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I have a project which uses the MVC pattern.

In folder "models" I have quite many classes, each class is now has its own file. But I feel like it's not convenient, because every time I need to use a class I have to import it separately. E.g. I have many of the followings in my app source:

from models.classX import classX
from models.classY import classY

If I want to import everything at once, something like from models import * I found that I can put all sorts of import in models/__init__.py. But is it the pythonic way to do it ? What is the convention ?

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Please uses PEP8 casing so you can distinguish classes and modules! - from models.classx import ClassX –  Eric Nov 4 '12 at 11:06

3 Answers 3

Python is not java; please avoid the one-file-per-class pattern. If you can't change it, you can import all of them from a submodule of your models package:

# all.py: convenient import of all the needed classes
from models.classX import classX
from models.classY import classY
...

Then in your code you can write:

import my.package.models.all as models  # or from my.package.models.all import *

and proceed to use models.classX, models.classY, etc.

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3  
You can do the same from within models/__init__.py, then you just do import my.package.models. –  glglgl Nov 4 '12 at 10:09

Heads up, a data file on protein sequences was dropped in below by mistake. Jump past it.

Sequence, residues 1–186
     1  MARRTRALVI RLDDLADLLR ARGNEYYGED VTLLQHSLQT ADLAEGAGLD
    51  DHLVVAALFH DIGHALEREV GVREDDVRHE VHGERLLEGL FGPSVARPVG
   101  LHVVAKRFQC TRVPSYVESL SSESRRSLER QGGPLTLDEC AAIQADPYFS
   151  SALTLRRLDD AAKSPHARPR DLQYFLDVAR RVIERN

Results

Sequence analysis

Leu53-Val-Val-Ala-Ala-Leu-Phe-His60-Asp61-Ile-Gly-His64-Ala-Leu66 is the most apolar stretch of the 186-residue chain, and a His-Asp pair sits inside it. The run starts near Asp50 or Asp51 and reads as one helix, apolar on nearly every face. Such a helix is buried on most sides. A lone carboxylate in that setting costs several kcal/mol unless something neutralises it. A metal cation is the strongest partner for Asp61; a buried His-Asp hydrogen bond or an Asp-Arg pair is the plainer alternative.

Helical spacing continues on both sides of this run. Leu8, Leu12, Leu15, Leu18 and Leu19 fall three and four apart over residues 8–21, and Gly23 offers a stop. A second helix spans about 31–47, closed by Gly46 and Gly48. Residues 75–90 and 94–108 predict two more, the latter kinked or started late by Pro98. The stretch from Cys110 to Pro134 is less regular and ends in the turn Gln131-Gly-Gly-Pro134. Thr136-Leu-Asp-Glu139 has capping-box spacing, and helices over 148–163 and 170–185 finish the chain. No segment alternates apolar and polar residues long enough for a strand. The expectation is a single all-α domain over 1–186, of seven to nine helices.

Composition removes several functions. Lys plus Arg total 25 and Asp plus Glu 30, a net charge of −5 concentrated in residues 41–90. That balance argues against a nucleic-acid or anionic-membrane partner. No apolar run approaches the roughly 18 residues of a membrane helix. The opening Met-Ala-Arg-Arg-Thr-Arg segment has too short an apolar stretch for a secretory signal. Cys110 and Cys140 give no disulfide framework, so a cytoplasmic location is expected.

2  
@glglgl Then you lose the ability to import the class... modules individually—any import of anything from the package will load the whole bunch. If this tight coupling is desirable (or already present), then importing them in __init__.py is the way to go. But one would hope that the whole point of having so many modules is to be able to import them separately. –  user4815162342 Nov 4 '12 at 10:13
    
mmm... you are right. This is the downside of that... –  glglgl Nov 4 '12 at 10:14
1  
Any reason to avoid one-file-per-class pattern in python ? Is it much harder to read when putting everything in one models.py file ? –  w00d Nov 4 '12 at 10:17
2  
If classes are related enough to live in the same module then they will probably share functions and variables. It usually makes sense to put those all in the same file. –  aychedee Nov 4 '12 at 10:43

Most pythonic way is one that you're already using. You can alleviate importing by grouping your classes in modules. For example, in Django usually all application models are in a single file.

From python docs:

Although certain modules are designed to export only names that follow certain patterns when you use import *, it is still considered bad practise in production code.

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Firstly, you should rename your classes and modules so that they don't match, and follow PEP8:

models/
    classx.py
        class ClassX
    classy.py
        class ClassY

Then, I'd got with this in models/__init__.py:

from models.classx import ClassX
from models.classy import ClassY

Meaning in your main code, you can do any one of:

from models import *
x = ClassX()
from models import ClassX
x = ClassX()
import models
x = models.ClassX()
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